Aim. The article presents a review of immune-mediated diseases of the nervous system .Review: For a long time the central nervous system (CNS) has been thought to be immunologically passive. Among potential reasons of the CNS immune passivity the following have been listed: the presence of the blood-brain barrier (BBB), lack of lymphatic drainage, absence of dendritic cells capable of antigen presentation, low expression of antigens of the major histocompatibility complex (MHC), and short lifetime of immune cells entering the CNS. However, many data suggest that the state of the CNS immune passivity is not absolute: a) diffusion of intraparenchymatous fluid from the brain into lymphatic nodules and peripheral blood is possible, b) activated T and B cells are capable of crossing the BBB, c) immune-modulating molecules (antibodies, cytokines) can get into the CNS, d) in response to a variety of stimuli microglial and astroglial cells express MHC class I and II molecules, e) the CNS cells are capable of cytokine secretion.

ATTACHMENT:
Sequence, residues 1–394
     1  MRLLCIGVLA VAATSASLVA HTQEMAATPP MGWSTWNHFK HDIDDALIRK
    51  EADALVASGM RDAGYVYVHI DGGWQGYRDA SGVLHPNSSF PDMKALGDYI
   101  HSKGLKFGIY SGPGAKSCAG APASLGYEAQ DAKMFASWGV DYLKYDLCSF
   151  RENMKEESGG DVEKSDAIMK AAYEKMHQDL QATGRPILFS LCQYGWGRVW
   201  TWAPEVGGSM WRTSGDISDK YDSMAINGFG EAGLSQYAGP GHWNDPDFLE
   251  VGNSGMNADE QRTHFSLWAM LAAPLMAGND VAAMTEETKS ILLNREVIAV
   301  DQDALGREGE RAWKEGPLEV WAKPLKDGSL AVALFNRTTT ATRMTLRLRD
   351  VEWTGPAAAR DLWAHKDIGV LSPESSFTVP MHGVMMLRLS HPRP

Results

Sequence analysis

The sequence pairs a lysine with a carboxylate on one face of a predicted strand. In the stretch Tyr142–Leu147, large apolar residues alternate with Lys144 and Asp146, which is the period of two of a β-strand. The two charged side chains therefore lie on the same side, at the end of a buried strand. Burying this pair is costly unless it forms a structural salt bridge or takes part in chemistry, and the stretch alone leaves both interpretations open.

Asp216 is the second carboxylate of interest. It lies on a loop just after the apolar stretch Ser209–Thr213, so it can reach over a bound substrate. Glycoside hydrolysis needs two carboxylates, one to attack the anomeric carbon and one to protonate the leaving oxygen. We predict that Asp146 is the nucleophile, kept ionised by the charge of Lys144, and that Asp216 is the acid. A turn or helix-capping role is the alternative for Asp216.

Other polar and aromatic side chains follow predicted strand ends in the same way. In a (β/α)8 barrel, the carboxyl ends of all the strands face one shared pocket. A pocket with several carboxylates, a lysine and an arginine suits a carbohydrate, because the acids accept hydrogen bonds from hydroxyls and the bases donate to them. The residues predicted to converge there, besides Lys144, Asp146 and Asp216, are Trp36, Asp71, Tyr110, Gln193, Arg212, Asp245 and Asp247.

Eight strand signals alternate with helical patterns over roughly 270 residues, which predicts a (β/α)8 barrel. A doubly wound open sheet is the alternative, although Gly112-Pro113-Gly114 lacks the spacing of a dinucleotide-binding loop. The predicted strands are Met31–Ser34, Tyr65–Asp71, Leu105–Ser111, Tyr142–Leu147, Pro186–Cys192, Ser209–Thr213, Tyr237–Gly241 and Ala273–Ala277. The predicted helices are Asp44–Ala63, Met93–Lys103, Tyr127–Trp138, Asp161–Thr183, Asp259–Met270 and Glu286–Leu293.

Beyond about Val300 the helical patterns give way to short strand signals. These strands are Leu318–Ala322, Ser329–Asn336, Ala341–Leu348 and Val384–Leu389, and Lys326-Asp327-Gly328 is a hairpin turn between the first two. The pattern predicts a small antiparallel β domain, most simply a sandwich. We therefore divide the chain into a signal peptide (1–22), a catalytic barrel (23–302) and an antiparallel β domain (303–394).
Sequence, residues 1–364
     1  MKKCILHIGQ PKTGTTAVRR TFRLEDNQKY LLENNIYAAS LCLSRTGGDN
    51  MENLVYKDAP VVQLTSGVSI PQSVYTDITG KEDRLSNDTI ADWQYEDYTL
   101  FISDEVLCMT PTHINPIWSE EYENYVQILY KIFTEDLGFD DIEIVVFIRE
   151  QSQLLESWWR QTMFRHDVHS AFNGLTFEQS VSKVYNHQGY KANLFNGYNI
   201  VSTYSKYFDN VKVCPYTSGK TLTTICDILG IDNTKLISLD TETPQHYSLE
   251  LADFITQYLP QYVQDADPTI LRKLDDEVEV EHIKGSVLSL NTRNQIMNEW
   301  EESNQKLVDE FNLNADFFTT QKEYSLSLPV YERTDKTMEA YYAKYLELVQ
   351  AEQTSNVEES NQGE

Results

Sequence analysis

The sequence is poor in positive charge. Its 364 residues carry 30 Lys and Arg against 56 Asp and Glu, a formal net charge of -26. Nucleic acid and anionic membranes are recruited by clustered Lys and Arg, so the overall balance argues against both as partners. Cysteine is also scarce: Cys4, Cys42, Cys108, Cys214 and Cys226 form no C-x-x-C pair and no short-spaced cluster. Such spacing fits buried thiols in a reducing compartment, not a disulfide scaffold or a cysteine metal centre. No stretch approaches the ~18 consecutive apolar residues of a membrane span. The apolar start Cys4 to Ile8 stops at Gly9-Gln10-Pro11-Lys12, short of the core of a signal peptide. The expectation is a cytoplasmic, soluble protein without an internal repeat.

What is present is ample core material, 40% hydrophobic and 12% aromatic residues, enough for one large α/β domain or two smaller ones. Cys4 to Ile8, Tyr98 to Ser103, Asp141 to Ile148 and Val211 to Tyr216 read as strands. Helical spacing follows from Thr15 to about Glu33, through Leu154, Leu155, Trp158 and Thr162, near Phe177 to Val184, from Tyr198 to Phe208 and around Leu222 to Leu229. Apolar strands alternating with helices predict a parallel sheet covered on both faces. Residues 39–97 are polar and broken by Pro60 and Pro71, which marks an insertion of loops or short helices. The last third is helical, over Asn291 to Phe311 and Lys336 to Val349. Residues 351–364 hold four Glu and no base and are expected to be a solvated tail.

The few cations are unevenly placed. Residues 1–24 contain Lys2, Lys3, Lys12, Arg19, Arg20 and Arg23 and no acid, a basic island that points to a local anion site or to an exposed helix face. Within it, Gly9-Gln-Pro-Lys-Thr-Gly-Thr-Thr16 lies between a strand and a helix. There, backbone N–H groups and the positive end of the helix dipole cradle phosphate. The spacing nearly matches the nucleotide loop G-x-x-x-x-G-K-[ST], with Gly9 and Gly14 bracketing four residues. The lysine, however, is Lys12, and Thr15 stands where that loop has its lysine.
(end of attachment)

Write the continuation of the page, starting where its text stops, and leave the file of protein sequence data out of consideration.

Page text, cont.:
Conclusions. There is an increasing body of evidence confirming the role of immune response in the pathogenesis and course of many pathological conditions of the nervous system, including polyneuropathies, demyelinating syndromes, neuromuscular disorders, paraneoplastic syndromes.